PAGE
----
Google Search - Throws the Door Wide Open to Inappropriate Images

UPDATE 06/14/2010: Google announces SafeSearch Lock Update as a result of feedback from educators! From their blog entry:
We’re working hard to address this issue as quickly as possible and in a few weeks we will move encrypted search to a new hostname – so schools can limit access to SSL search without disrupting other Google services, like Google Apps for Education. Longer term, we are exploring other options like moving authentication to its own hostname so that we can return encrypted search to https://www.google.com.

ORIGINAL ENTRY:

A week or so ago, I couldn't help but notice that image searches in Google that had been blocked before--because http://images.google.com was blocked--were now coming up without problem.

For example, a search for dogs on Google.com:

When you click on IMAGES in the sidebar, you see this image:



This certainly has implications for school districts who have been blocking Image Search on Google due to inappropriate images that pop up. In short, the blocking/content filtering going on in schools doesn't really matter:


Simply, you can take advantage of a regular Google Search and access inappropriate content. Just doing a search on the word "inappropriate" gets anyone--including K-12 students--access to content parents, teachers and others in schools don't want to see in teaching and learning situations. I was going to include a screenshot of that search but would have to blank out too much.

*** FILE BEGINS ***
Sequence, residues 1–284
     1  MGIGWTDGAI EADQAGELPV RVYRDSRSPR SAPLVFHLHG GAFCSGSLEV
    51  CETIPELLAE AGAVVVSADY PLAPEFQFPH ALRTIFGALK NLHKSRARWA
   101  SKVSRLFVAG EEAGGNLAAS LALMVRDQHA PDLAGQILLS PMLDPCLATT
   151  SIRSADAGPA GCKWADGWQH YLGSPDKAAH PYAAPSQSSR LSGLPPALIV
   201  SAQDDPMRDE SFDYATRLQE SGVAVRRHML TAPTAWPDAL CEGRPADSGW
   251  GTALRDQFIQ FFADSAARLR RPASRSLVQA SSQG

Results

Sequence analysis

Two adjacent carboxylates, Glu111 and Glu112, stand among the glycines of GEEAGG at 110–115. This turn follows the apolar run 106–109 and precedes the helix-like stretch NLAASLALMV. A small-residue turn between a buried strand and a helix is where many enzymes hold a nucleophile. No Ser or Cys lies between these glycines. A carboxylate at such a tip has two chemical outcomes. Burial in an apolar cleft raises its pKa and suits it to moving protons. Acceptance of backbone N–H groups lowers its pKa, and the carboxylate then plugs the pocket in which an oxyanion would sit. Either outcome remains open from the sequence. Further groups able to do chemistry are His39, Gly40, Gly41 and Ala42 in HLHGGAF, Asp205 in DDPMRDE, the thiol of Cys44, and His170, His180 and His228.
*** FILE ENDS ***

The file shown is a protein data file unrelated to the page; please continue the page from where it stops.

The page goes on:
What will our response be as educators? Block and guard young eyes, or educate?

Subscribe to Around the Corner-MGuhlin.org


Everything posted on Miguel Guhlin's blogs/wikis are his personal opinion and do not necessarily represent the views of his employer(s) or its clients. Read Full Disclosure

Comments

doug0077 said…
Hi Miguel,

One more step toward what Postman called "The One Big Room." http://www.educationworld.com/a_tech/columnists/johnson/johnson011.shtml

We can't stop kids from having some exposure to adult materials - we teach them to avoid when possible.

Doug
Mr. RCollins said…
We never filtered Google Images, but instead our filter allows us to at least force safe search on. It doesn't catch everything, but it helps.
Henry Thiele said…
We use a product called cipafilter that forces a safe search

Hank
Luann said…
We use Lightspeed, and use it to force the search engines that can be used. Then, we only allow search engines with “safe searches” built in (like Google and Yahoo) and then Lightspeed can force the safe search (including images.)

Popular posts from this blog

#Chromecast Add-Ons to Play Various Video File Formats

Free Professional Learning! Education On Air #googleedu

10 Steps to a Blended Learning Classroom #MIEexpert #MIE #tceamie1